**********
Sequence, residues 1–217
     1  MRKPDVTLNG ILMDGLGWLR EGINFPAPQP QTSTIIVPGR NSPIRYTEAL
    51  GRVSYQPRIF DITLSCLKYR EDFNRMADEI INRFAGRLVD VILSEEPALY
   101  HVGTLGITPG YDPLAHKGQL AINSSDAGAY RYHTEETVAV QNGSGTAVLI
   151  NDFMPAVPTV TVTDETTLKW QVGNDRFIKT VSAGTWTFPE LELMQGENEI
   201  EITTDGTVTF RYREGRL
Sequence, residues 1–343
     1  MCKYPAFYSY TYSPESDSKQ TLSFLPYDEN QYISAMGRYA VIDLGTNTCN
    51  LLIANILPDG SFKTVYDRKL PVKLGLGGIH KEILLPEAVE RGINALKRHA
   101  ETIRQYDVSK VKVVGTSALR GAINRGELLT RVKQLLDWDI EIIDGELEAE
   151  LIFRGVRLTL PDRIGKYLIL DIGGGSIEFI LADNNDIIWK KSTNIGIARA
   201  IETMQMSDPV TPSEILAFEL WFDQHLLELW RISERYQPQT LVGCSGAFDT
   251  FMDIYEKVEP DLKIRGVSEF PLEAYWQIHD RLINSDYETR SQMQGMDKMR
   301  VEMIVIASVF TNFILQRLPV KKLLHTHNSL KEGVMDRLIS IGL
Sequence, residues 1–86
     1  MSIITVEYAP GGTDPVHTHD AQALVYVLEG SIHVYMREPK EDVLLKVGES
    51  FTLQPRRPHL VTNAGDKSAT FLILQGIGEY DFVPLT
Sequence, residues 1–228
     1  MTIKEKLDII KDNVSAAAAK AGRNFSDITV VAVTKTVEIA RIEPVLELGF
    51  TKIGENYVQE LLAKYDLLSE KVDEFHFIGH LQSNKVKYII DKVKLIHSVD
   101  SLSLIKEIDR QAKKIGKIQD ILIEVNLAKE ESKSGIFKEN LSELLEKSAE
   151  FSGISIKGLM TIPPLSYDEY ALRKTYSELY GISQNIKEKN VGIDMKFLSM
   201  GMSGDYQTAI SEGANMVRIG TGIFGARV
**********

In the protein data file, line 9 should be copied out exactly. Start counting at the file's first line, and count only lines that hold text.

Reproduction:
    51  LLIANILPDG SFKTVYDRKL PVKLGLGGIH KEILLPEAVE RGINALKRHA